In the wake of the pandemic, there are reports of employees leaving the workforce in droves. It’s been dubbed the ‘Great Resignation’, and it’s something employers are desperately trying to avoid.
Job vacancies in the UK alone surpassed one million in August this year. Across the pond, a record four million Americans quit their jobs in April. But what’s causing it?
In a bitter-sweet turn of events, the pandemic highlighted imbalances and shortcomings in many peoples' workplaces. Wellbeing and flexible working are among the top concerns.
While for others, the pandemic sparked a renewed sense of optimism and entrepreneurial spirit. People are rethinking their careers altogether. In fact, one in seven adults now plan to become an entrepreneur, according to Natwest’s latest report.
Understandably, talk of the Great Resignation and the UK recruitment shortage has left many employers feeling uneasy. Furthermore, a report by Reed found that 71% of respondents are actively job-hunting and open to new opportunities.
With that in mind, there is no time to waste. Employers must act now to hold their teams together. But what can be done?
Lead with empathy
Leadership will look a little different post-pandemic. What used to be considered a ‘soft skill’ is now crucial to effective leadership; empathy.
The pandemic has tested all of us. As a result, workers’ needs have changed. Whether that’s the need for flexible hours or extra support, employers unable (or unwilling) to accommodate those needs risk losing out to an employer that will.
So, what employees really need right now is a leader who understands their personal circumstances and how that impacts their work. A leader who checks in, asks questions, pays attention and takes action. A leader who cares.
As well as helping to build positive relationships, empathy has a positive impact on innovation, inclusivity, engagement, retention and work-life balance, according to a global study by Catalyst.
Openly expressing empathy may not come easy to all of us, but that’s no excuse. Not when leaders can lead by example; educate themselves in mental health matters, enlist the help of experts and practice what they preach.
Invest in wellbeing
Wellbeing is not a buzzword, it’s a non-negotiable. According to a report by Limeade, 40% of respondents who left their jobs cited burnout as the main reason for leaving.
Companies can reduce the risk of burnout by maintaining manageable workloads, promoting positive work-life balance and supporting employee wellbeing.
Invest in a company-wide wellbeing programme. If there already is one, is it working as intended? It’s time to find out.
Anonymous surveys are an effective way to gauge how employees are feeling and whether they feel like their wellbeing matters. We use CharlieHR’s survey feature to regularly check in with the team.
A wellbeing programme could (and arguably should) include:
- Mental health support
- Physical health and fitness incentives
- Occupational health
- Health insurance
- Optimal working environments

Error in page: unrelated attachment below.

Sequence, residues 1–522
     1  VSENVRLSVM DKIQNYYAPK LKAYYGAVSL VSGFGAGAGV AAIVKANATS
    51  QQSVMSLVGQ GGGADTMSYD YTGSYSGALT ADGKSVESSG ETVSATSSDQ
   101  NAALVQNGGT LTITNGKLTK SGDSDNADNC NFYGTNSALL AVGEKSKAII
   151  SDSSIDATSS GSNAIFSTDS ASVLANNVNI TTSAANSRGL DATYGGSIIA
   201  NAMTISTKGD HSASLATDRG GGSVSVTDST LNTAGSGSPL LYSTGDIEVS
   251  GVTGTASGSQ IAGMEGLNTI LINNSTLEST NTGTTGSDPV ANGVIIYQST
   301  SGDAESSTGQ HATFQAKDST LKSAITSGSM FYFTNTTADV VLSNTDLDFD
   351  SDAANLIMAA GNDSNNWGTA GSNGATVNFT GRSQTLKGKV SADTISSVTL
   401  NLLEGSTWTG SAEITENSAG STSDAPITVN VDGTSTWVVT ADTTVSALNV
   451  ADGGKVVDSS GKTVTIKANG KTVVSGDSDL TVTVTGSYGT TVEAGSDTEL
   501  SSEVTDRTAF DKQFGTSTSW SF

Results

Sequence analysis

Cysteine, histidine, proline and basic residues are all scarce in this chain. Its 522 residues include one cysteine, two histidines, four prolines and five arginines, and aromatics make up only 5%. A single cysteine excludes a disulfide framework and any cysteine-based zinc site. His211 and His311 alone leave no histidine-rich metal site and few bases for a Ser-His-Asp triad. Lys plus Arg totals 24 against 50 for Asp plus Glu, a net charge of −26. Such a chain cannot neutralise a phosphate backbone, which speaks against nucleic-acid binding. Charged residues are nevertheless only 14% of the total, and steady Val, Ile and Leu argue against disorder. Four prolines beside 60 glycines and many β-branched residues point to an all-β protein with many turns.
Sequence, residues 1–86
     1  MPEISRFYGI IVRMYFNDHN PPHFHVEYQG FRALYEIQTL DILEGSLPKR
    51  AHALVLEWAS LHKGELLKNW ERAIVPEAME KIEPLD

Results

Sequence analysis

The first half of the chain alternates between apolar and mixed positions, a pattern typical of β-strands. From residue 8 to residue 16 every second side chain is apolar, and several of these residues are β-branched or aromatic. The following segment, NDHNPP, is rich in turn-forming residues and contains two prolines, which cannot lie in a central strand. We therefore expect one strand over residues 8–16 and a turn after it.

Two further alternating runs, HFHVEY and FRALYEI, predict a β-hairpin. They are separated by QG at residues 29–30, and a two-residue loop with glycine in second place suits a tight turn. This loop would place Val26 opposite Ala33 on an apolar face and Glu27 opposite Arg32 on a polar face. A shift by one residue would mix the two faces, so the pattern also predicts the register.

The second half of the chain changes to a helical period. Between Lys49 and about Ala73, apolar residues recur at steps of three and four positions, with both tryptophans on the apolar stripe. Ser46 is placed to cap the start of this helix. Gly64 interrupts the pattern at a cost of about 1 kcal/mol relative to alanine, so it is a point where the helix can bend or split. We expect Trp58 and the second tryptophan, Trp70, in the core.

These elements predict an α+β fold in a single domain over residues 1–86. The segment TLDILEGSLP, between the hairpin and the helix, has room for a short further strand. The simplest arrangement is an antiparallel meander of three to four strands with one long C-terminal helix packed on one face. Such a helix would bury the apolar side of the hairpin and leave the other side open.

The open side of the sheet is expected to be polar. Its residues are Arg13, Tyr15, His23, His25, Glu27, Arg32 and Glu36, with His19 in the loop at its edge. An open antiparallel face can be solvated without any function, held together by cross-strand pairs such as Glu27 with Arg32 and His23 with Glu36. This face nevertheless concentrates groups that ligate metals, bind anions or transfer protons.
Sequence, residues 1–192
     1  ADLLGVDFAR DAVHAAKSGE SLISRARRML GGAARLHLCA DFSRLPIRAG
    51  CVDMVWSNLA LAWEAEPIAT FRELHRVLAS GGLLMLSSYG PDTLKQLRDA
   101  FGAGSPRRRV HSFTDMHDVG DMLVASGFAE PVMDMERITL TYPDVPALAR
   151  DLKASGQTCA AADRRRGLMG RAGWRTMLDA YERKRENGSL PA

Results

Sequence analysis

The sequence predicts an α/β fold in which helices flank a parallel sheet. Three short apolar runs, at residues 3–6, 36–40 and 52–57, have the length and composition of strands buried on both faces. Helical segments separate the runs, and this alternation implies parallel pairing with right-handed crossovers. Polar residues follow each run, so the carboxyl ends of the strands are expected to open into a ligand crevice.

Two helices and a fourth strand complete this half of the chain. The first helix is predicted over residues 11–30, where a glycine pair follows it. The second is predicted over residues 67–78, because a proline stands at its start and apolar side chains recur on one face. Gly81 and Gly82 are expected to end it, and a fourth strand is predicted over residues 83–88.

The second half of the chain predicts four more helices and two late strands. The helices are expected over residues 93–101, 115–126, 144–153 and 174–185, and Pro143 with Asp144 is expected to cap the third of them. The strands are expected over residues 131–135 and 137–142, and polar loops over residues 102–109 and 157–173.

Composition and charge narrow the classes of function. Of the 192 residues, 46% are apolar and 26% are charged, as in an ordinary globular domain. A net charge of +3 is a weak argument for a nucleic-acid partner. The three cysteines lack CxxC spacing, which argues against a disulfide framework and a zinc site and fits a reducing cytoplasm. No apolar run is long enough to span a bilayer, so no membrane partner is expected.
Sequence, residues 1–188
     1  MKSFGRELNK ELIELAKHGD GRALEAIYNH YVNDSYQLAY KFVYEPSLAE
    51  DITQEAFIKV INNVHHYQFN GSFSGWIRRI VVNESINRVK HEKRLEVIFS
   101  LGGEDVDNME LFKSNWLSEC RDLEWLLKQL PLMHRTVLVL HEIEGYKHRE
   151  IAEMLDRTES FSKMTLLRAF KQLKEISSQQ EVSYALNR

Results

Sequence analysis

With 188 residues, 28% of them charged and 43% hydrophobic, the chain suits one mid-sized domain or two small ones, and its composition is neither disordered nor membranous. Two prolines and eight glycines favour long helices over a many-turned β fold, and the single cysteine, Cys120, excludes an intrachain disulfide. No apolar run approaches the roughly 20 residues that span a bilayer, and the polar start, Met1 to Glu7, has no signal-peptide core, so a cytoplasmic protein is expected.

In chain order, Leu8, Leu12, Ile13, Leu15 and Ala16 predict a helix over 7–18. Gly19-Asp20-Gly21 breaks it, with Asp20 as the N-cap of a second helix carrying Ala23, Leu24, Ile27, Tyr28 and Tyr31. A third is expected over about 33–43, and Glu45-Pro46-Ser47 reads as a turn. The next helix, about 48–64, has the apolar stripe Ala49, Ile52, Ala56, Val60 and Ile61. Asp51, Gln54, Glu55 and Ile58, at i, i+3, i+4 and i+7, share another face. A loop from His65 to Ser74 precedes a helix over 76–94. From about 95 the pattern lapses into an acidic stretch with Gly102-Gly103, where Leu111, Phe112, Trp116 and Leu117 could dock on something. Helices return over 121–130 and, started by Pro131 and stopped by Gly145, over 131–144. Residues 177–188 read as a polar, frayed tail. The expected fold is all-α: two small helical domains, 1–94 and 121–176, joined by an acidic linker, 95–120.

- Access to external resources
- Manageable workloads
- Work-life balance
- Recreational and social activities
- Flexible working
Embrace flexible working
Speaking of flexible working, 40% of respondents of the Limeade study who had secured a new job, said that they chose that job because it offered either remote or flexible working.
Our own report with YouGov revealed that flexibility would tip the scales for a staggering 66% of workers if they had to choose one (otherwise identical) job over another.
We touched on empathy earlier, and that plays a key role here. It’s important to understand each individual workers’ needs. Some want to work remotely as it suits their lifestyle or childcare responsibilities. Whereas others are chomping at the bit to get back to the office to socialise with their teammates.
Others want the best of both worlds, or at the very least, flexible working hours. Either way, a lack of flexibility at work will undoubtedly lead to lots more employees walking out the door. Employers need to find a way to make flexible working work if they haven’t already.
You might be wondering, what has equity got to do with this? Well, employee share schemes like Enterprise Management Incentives are proven to not only improve retention but attract new talent as well.
Following the Government’s call for evidence, we analysed huge data sets to pull together a report that revealed many positive outcomes for companies operating an EMI scheme:
- 92.9% of Vestd customers confirmed that EMI has helped recruitment efforts.
- And 95.2% said that EMI has helped with retention.
The stats aside, what sharing equity does to a team is transformative. Employees with a stake in the business, skin in the game, are likely to perform better and support each other as they have a vested interest.
Those who contribute to a company’s success deserve a slice of the pie, a reward for their efforts. It’s a philosophy that can inspire teams to do great things.
While lots of people quit their jobs over the course of the pandemic, as we’ve shown, others are only considering it. Granted that’s a cause for concern, but it also presents a unique opportunity. Adapt now to build a better, stronger business. One that employees will want to stick around for!